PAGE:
Cities around the world are emerging from pandemic shutdowns and gradually allowing activities to resume. National leaders are keen to promote economic recovery, with appropriate public health precautions.
Recently, Chinese Premier Li Keqiang announced economic growth plans that included creating 9 million new jobs and reducing urban unemployment to less than 5.5 per cent.
One surprise was his emphasis on street vending. After decades of trying to clear city streets of vendors, the Chinese state is now embracing them as a new source of employment and economic growth.
More than 2 billion people worldwide – over half the planet’s employed population – work in the informal economy, mainly in developing countries. Encouraging street vending as part of Covid-19 recovery makes sense for many reasons.
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Many development programmes in low-income countries from the 1950s through the early 2000s sought to eradicate street vending. Local governments often took aggressive actions to remove street vendors from public spaces.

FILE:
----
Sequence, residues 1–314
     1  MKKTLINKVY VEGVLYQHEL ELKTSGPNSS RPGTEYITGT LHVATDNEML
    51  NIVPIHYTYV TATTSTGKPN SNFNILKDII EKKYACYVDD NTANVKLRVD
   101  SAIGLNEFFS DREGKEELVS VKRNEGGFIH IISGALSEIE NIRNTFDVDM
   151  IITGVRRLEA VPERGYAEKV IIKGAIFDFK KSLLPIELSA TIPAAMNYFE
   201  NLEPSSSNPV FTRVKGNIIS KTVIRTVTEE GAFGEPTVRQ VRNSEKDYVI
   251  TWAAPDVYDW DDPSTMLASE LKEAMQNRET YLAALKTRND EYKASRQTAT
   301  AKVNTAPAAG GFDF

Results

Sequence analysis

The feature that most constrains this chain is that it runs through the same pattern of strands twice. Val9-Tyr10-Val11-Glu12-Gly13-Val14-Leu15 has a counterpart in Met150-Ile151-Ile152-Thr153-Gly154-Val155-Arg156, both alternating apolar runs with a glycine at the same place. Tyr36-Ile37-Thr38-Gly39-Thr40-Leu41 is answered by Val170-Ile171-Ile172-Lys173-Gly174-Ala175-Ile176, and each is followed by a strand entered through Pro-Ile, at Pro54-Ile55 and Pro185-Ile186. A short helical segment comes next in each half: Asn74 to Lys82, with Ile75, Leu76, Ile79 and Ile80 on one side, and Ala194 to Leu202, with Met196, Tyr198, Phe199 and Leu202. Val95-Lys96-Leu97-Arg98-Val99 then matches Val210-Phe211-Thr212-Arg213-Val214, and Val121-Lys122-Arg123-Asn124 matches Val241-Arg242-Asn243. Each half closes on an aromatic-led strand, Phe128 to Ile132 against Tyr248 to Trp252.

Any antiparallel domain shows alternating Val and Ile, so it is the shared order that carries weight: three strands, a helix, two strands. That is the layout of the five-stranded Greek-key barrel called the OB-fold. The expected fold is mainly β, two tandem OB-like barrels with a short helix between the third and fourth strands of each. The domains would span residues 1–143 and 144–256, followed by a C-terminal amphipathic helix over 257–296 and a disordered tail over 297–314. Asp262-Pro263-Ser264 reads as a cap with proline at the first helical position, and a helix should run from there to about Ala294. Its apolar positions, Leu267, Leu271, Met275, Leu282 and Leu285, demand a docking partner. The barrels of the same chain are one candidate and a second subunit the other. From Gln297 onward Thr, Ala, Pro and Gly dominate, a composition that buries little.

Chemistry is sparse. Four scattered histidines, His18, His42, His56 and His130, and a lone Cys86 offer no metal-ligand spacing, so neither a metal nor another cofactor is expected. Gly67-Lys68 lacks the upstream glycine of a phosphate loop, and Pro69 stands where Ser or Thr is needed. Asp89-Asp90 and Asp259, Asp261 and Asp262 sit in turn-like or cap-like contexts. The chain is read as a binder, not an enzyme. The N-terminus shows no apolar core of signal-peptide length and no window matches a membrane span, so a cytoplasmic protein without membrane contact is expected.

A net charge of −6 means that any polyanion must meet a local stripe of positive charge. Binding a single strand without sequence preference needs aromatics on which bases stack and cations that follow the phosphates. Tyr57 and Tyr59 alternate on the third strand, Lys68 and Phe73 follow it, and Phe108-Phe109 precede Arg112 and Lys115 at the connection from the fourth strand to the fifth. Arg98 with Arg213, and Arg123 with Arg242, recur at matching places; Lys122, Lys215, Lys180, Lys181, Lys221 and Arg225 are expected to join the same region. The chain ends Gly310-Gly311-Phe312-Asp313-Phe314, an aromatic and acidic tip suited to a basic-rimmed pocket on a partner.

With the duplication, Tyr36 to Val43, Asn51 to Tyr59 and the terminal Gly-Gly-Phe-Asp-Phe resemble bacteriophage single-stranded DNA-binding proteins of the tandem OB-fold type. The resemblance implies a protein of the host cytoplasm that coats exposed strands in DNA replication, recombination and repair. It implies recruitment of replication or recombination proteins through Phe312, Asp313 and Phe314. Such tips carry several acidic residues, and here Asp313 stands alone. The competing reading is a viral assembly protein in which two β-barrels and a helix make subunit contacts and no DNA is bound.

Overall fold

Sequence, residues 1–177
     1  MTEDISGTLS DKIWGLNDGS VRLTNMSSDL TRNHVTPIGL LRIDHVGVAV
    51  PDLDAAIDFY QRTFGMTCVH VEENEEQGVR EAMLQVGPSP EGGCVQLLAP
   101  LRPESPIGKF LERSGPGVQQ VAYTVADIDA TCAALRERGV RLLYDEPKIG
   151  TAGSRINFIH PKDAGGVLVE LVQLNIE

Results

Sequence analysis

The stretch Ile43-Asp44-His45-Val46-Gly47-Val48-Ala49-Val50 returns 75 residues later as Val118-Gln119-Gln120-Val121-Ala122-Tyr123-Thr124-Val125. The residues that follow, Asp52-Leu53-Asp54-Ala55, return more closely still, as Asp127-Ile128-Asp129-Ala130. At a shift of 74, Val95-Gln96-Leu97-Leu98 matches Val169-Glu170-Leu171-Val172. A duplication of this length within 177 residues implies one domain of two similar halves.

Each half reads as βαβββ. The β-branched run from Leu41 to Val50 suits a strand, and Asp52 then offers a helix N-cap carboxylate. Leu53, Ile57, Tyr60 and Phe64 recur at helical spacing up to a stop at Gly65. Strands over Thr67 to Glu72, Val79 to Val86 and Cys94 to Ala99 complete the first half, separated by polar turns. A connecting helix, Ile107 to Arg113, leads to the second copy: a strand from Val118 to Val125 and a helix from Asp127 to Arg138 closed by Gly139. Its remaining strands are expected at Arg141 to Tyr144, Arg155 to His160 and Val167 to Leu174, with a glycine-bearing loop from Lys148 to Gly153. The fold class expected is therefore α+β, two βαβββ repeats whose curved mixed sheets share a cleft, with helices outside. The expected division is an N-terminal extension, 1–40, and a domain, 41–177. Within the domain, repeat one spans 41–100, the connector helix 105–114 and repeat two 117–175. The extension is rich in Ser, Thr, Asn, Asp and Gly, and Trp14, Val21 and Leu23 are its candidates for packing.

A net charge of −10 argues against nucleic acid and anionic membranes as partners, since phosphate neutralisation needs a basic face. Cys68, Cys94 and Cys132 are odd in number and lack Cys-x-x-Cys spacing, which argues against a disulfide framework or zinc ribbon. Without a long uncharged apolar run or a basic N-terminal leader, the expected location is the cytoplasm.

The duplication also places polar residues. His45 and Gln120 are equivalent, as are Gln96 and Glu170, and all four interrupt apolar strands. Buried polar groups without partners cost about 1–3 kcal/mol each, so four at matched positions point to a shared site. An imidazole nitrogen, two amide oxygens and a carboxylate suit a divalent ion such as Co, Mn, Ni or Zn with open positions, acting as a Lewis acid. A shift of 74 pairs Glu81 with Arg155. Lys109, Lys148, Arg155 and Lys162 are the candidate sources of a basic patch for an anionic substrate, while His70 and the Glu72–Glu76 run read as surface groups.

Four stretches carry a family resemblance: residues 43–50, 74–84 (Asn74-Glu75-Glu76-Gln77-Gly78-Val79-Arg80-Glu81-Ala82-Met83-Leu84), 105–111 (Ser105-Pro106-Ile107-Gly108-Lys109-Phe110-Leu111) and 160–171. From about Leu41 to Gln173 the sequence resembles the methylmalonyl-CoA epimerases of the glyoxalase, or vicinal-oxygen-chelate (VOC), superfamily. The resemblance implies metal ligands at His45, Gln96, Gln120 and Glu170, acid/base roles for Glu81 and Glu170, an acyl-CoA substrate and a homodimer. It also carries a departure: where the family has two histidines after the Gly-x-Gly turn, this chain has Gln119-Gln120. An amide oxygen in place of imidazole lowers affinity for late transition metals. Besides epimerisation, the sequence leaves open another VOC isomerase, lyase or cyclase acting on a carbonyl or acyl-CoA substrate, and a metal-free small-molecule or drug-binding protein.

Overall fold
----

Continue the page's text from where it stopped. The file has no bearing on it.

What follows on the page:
Recently, however, many nations have embraced street commerce as a way to reduce poverty and boost marginal groups, especially poor women, from ethnic and racial minorities.
As one example, since 2003 it has been illegal to remove street vendors from public spaces in Colombia without offering them compensation or guaranteed income-support programmes.
Street vending offers many pluses for cities restarting after Covid-19 shutdowns. First, it can blunt some of the economic pains of the pandemic. Second, it can be configured to encourage social distancing more easily than the internal spaces of crowded shopping malls.
Third, many cities are already being reconfigured and reimagined through steps such as widening sidewalks and creating traffic-free streets. These actions create more opportunities for street commerce.
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Covid-19 has forced us to rethink city living. We should take the opportunity to reimagine a livelier and more equitable post-pandemic city.